Permitted to emigrate with just one small crate of personal possessions, the family of four bundled their belongings together and ventured west, stopping first in Rome for three months while their next round of paperwork was completed and then in Vienna for another three months while the final papers were stampled and approved. Boarding the boat bound for the Port of Montreal, they spent two seasick weeks en route to their new host country : Canada, which was soon to celebrate its 100th Anniversary of Confederation.

They never planned to return to Romania – they’d committed to a new life in what would turn out to be the true land of milk and honey – but at the behest of their persistent daughter they agreed to return in 2006, accompanied by their two children and three grandchildren. The trip was perfectly timed, for Bianca would soon begin a losing battle with cancer, from which she would pass away in 2009 at age 81. Bercu is still alive today at age 89, still maintaining two residences – one in the city and one in the Eastern Townships – between which he still drives his own car. His pastimes include answering Jeopardy before the contestants, NYT crosswords, pottery, swimming, and international travel tours with “seniors” two-thirds his age.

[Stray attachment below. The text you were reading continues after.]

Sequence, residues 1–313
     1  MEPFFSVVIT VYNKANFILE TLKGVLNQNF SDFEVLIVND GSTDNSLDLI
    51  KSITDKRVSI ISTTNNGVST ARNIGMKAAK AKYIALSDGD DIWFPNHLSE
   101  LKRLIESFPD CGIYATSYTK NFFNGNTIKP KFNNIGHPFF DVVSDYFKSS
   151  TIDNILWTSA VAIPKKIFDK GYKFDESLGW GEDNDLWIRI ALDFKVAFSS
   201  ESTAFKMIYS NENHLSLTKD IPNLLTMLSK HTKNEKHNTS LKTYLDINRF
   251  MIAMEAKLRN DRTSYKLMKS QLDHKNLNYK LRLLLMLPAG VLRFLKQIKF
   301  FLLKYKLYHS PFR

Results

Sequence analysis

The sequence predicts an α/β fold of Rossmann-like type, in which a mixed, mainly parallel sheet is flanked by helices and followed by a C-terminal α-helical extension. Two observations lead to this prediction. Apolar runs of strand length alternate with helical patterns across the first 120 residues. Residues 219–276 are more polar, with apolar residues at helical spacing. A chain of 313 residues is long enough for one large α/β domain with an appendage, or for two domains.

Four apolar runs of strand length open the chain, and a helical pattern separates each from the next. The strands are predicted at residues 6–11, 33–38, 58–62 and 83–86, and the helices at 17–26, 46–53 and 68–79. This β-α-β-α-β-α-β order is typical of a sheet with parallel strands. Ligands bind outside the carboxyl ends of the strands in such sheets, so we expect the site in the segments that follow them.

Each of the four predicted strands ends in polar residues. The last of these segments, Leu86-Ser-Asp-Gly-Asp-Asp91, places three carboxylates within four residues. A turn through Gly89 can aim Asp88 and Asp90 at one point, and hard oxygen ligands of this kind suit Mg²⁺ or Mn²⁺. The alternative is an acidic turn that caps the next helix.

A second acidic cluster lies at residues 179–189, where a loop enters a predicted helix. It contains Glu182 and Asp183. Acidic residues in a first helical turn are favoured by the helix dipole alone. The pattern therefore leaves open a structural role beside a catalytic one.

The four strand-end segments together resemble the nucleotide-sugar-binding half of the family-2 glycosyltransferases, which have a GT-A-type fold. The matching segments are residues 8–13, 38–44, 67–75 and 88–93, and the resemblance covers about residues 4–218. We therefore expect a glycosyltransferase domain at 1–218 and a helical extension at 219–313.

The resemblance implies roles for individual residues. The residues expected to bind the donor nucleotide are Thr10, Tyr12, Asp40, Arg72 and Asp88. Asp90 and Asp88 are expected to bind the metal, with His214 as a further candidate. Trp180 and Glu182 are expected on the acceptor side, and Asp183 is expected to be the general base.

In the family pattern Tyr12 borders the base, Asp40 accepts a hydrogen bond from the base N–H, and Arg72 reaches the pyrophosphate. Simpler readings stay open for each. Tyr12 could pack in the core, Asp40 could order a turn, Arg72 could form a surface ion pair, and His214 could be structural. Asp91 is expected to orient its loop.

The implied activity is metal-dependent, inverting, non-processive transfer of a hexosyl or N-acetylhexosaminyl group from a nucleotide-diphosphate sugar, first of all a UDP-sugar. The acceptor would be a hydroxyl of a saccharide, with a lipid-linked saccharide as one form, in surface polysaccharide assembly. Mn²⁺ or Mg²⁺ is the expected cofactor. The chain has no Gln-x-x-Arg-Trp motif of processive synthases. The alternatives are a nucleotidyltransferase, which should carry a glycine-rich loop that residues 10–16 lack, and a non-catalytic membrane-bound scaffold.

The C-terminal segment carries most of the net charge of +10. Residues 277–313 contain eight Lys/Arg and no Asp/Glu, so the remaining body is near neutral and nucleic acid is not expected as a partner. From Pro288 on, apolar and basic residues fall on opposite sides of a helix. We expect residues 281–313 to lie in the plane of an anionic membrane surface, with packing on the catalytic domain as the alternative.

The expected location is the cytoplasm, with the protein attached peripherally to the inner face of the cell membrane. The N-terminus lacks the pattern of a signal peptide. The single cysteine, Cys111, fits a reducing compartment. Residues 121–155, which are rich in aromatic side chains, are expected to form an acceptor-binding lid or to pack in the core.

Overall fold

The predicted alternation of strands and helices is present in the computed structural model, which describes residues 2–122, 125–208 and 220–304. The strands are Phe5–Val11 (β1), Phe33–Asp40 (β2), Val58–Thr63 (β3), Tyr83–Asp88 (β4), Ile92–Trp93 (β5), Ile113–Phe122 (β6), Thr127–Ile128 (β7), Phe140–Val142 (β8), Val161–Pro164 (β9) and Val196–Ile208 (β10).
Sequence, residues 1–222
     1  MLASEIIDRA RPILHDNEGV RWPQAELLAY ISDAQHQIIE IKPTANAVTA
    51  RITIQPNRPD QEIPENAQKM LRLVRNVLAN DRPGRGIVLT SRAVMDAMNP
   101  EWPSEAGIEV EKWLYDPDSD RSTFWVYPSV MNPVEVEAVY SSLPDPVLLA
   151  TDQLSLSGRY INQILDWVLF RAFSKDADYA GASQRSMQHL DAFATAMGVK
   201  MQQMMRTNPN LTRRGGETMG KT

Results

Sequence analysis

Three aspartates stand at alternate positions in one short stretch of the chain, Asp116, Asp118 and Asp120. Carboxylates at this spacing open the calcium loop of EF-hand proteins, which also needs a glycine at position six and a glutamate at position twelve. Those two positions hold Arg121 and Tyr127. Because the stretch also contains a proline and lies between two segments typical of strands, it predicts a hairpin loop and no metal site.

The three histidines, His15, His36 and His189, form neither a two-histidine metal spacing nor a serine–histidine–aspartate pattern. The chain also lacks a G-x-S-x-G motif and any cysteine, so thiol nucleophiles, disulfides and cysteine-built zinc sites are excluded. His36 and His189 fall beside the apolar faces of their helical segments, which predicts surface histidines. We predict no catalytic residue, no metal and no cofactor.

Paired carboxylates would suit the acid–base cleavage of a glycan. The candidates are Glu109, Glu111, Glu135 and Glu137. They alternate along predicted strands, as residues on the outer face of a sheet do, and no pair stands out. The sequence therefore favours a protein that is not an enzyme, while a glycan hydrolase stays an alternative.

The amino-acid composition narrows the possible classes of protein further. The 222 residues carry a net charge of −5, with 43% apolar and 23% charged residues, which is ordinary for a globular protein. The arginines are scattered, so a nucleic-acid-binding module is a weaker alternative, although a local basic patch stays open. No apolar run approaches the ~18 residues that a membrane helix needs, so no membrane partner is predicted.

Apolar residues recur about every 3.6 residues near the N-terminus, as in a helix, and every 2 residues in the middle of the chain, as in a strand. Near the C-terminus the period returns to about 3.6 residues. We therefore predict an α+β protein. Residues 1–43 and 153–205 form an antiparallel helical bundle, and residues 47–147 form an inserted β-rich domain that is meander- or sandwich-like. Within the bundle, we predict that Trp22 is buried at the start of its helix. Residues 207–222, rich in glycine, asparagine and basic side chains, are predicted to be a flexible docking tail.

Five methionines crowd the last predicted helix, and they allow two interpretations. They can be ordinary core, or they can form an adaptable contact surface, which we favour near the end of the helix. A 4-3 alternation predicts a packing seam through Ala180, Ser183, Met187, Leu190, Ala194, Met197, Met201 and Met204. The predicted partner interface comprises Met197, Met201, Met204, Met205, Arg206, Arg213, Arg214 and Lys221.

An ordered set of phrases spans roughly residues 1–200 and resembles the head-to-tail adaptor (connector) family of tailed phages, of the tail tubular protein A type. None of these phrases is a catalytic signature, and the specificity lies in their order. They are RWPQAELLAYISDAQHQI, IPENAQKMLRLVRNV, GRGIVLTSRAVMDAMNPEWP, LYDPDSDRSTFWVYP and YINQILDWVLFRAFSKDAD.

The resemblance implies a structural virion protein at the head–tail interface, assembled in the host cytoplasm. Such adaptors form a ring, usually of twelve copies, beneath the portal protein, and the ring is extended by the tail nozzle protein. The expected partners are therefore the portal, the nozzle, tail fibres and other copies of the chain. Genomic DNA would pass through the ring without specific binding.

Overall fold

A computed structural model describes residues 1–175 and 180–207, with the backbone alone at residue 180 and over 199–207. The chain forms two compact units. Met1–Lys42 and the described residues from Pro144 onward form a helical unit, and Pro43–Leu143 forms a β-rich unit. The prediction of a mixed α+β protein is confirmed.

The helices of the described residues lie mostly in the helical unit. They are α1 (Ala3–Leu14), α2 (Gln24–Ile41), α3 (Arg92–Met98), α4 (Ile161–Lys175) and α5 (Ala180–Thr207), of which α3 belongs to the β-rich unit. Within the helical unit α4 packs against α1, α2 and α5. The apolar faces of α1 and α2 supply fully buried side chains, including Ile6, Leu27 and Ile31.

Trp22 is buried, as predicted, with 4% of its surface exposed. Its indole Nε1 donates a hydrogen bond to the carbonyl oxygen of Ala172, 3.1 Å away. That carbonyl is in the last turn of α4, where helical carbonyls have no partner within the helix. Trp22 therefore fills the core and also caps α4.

___ ___ ___

  1. Moldavia was part of the Habsburg and then Austro-Hungarian Empires from 1775 to 1918. After briefly being part of the Romanian “nation” in the interwar period, it was absorbed as a subject province of the USSR from 1940 to 1991. The area is currently part of Western Ukraine.  []
  2. The Lithuanians were considerably more ruthless in the ethnic cleansing of their Jewish populations than the Russians were in their newly occupied territories ; about 1% of the Jewish population survived WWII in the former while closer to 50% survived in the latter. []
  3. You’ll recognise this exact same phenomenon as “KYC/AML” or “registered investments” or “daily withdrawal limits” today. Because God forbid anyone use their own money for their own ends! []
  4. What else do you call the beneficiary of primogeniture ? Don’t bother looking it up, your dictionary doesn’t have the answer. []
  5. A mother who, it so happens, would live to see her 102nd birthday. []
  6. “Wire transfers over $10k ? that’s a paddling!” []
  7. This was hardly a wild amount of money, even at the time, but it was still “too much” and “unnecessary” in the eyes of the law. This is the same fatlogic as “Who even needs a car that has 600hp ? Where can you even use it ??” []
  8. You might be too young to recall that this would’ve been unusual in the great US and A, but pre-2001 “Patriot Act” having a lawyer with you during questioning was pretty standard. Now, not so much. This is what I mean when I say that the Soviets didn’t die with the end of the Cold War, they just moved West like Fievel. []
  9. This was, recall, in an era where the soi-disant “civilised” states had much less well developed star topologies. Blood WoT was everything. []

One thought on “This is a story.

  1. Updated. Because “Wasserspieiers” just works so, so much better than “murmurers.”